While ossification refers to the process of bone formation, calcification usually indicates that calcium has accumulated unnaturally in various tissues of the body. This HealthHearty post includes an ossification vs. calcification comparison in detail.
Did You Know?
Osteoblasts, osteoclasts, and osteocytes, are the 3 types of cells that play an important role in bone formation and maintenance.
Contrary to popular belief, ossification and calcification are two different processes that occur in our body. Both these processes are important for bone synthesis. However, calcification that has been linked to abnormally high calcium levels in the blood cannot be ignored and requires treatment ASAP to prevent any complications.
Around 99% of calcium obtained from the food goes to our bones, while the rest circulates in our bloodstream. However, if this 1% calcium starts depositing in various body tissues, it can cause various health problems. These are discussed below.
Ossification Vs. Calcification
What is it?
Ossification refers to the mechanism of bone development. In short, it is a process by which bone growth takes place. This process continues even after the child attains adulthood. Ossification plays a crucial role in the healing of fractures.
Calcification refers to the unnatural deposition of calcium in various tissues of the body. Since bones also contain calcium, the process of calcification is also an integral part of bone growth and development. Calcium is usually absorbed by the bones and the teeth but when it starts accumulating in other areas of the body, it is a cause for great concern.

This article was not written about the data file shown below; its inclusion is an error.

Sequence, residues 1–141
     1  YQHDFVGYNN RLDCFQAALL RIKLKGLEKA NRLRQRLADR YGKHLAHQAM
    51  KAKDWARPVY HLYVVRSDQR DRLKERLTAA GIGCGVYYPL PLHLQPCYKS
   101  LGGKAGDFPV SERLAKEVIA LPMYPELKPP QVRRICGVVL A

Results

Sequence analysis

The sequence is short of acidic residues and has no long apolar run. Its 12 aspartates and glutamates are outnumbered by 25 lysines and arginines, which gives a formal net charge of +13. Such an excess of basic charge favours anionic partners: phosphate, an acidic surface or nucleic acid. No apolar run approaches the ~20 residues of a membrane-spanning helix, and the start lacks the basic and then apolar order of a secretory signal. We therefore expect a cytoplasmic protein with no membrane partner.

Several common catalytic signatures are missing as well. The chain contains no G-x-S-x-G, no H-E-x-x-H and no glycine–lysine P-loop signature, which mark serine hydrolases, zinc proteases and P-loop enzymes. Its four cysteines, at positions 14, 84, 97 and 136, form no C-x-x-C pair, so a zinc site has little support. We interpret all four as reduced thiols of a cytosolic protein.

Endochondral ossification is a process in which the soft cartilage slowly converts into bone. The short, long, and irregular bones are developed by endochondral ossification. On the other hand, in intramembranous ossification, bones develop from connective tissue sheets that are full of osteoblast cells. This process is responsible for the formation of flat bones such as those located on the skull.
Classification is based on the underlying cause. Dystrophic calcification occurs even when there is no increase in blood calcium levels. It arises due to tissue damage. Metastatic calcification occurs due to fluctuations in calcium and phosphorus levels in the blood.
It is a natural process of the body in which soft tissues turn into a bony substance. However, in some cases, bone development occurs beyond the confines of the skeleton, which is commonly referred to as heterotopic ossification. This abnormal growth of bone tissue has often been attributed to serious fractures of the long bones. Severe burns, neurological disorders, and spinal cord injuries are the other factors that can cause heterotopic ossification.
Calcification of soft tissues has been attributed to vitamin K inadequacy and abnormally high levels of vitamin D circulating in the bloodstream. Vitamin D is known to facilitate calcium absorption; hence when it is present in elevated amounts, it can cause calcification. On the other hand, adequate vitamin K is important to keep calcium from accumulating in other tissues of the body. So vitamin K deficiency is often responsible for causing calcification in body tissues.
The absence of ossification means our body would have no toughness or hardness. The body would be lacking in musculoskeletal system. As a result, our body would essentially be a structure of flesh, water, and blood.
Calcium buildup can interfere with the normal functioning of a specific organ, depending upon which part of the body it has affected. For instance, calcification of kidneys can lead to formation of kidney stones. When it affects the arteries of the heart, it can lead to a heart attack. Whereas, liver calcification can severely impair digestion.